Country: USA | Posts: 856 Go to Top of Page

Dutchman
Administrator

Premium Member


Posted - 11/20/2010 :  08:47:04 AM  Show Profile  Reply with Quote
Congratulations, Mark. A milestone worth celebrating, for sure.

BTW, is this some kind of hi-tech wheel cleaning pad?



Bruce

Modeling the railroads of the Jersey Highlands in HO and the logging railroads of Pennsylvania in HOn3

Country: USA | Posts: 29917 Go to Top of Page

lv4142003
Engine Wiper

Posted - 11/20/2010 :  10:16:45 AM  Show Profile  Reply with Quote
Dutchman, that looks like the "Official, authorized EMD bubble wrap" that EMD packed all their GP's in in the early 50's. It was superceded in the late 60's by foam peanuts and later by a large foam rectangle with the shape of the locomotive routed out. Trash day at the roundhouse after delivery of a few of these must have been horrendous. <lv4142003>


Country: USA | Posts: 177 Go to Top of Page

MarkF
Engineer

Premium Member


Posted - 11/20/2010 :  8:37:11 PM  Show Profile  Reply with Quote
quote:
Originally posted by Vagel Keller

quote:
Originally posted by MarkF

Pat, I couldn't tell you exactly when the battery operated lights began showing up on the railroad, but my best guess would be in the 40's, if not earlier. Perhaps someone else may be able to give us better information.


Don't know exactly when the battery flashers started to show up, but I suspect it was later than you surmise, Mark. The PRR's kerosene marker lamps, painted yellow with a single red lens facing rearward, lasted well into the mid-20th Century. As just one example, I was able to find a picture of them on an N5C dated Aug. 20, 1956, on p. 72 of Bill Caloroso's Pennsylvania Railroad's Elmira Branch (Andover, NJ: Andover Junction Publications, 1993). They didn't flash, but they did flicker.



Thanks Vagel! Yes, it was a best guess for me. I know most of the pictures I see them in are in the 50's and 60's, since that is the era I focus in, so I can only guess as to when they exactly started appearing.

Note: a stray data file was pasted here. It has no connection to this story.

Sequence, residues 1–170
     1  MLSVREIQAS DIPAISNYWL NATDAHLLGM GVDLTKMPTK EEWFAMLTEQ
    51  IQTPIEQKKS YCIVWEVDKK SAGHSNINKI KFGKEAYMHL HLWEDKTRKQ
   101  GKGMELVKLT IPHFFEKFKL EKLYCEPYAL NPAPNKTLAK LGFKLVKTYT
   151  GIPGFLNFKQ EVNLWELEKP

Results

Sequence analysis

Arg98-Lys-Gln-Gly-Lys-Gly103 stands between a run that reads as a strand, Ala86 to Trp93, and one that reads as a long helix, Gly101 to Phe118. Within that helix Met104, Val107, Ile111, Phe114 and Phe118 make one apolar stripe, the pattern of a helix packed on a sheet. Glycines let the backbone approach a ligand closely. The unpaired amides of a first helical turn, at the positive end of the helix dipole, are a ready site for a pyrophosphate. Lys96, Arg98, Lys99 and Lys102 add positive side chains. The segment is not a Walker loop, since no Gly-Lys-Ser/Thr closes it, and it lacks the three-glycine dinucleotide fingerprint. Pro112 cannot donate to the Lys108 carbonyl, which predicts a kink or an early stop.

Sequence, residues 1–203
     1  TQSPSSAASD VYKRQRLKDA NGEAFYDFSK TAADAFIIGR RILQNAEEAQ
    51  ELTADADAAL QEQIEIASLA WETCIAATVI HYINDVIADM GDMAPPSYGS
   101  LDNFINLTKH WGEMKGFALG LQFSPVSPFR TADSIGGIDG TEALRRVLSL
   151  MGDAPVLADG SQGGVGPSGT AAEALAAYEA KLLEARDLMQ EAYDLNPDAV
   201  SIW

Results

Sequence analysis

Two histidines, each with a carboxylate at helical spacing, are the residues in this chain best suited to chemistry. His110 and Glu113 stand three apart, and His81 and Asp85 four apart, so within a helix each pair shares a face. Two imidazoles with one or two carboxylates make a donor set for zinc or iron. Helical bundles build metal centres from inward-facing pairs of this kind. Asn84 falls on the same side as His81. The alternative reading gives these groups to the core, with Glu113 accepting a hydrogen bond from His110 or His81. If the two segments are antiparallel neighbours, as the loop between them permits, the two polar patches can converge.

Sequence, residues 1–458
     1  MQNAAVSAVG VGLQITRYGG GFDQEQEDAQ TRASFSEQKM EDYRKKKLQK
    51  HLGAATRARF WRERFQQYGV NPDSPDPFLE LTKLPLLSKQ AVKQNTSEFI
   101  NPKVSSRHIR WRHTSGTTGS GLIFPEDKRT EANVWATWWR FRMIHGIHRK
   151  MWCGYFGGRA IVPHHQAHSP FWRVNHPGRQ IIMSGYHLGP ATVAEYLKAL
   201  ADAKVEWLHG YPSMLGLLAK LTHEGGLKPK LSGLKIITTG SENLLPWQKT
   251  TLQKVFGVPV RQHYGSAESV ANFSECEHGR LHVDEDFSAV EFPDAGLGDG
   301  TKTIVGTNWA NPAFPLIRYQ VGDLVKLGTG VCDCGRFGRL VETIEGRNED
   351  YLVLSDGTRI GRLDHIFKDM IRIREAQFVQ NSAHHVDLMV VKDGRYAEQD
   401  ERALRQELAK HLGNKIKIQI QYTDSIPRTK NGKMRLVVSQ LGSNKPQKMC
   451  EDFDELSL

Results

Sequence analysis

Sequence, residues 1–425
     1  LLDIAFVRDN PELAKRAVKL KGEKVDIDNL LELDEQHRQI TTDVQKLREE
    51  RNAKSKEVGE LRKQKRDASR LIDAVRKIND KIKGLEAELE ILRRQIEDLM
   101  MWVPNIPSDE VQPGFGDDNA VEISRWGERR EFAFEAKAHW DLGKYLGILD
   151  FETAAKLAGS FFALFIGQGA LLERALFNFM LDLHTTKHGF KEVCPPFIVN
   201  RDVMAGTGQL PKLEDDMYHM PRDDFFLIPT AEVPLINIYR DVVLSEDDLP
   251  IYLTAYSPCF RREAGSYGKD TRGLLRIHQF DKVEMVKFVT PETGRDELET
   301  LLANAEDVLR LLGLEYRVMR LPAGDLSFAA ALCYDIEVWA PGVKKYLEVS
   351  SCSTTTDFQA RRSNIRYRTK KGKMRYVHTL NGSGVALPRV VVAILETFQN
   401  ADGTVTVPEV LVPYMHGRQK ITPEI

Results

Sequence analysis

Mark

Country: USA | Posts: 13368 Go to Top of Page

MarkF
Engineer

Premium Member


Posted - 11/20/2010 :  8:40:46 PM  Show Profile  Reply with Quote
quote:
Originally posted by Dutchman

Congratulations, Mark. A milestone worth celebrating, for sure.

BTW, is this some kind of hi-tech wheel cleaning pad?



Actually, Joe isn't far off! It's bubble wrap from the Northern Divisions shops from unpacking some of the engines!

Now that the railroad is well underway, I am slowly unpacking engines and freight cars. It's like Christmas morning all over again!

Bubble wrap for the engines, and I wrapped the frieght cars in paper towels. You should see the pile of paper towels that's growing from all the freight cars I am unpacking. I won't need to buy another roll of paper towels for a year!


Mark

Edited by - MarkF on 11/20/2010 8:41:49 PM

Country: USA | Posts: 13368 Go to Top of Page

pcmatt
Engine Wiper



Posted - 11/20/2010 :  9:07:20 PM  Show Profile  Reply with Quote
Congrats Mark on the layout and the 1st grandkid. Layout looks great. Always enjoy how well you document your progress. Hope all is well.

MK


http://www.railroad-line.com/forum/topic.asp?TOPIC_ID=26375

Country: USA | Posts: 217 Go to Top of Page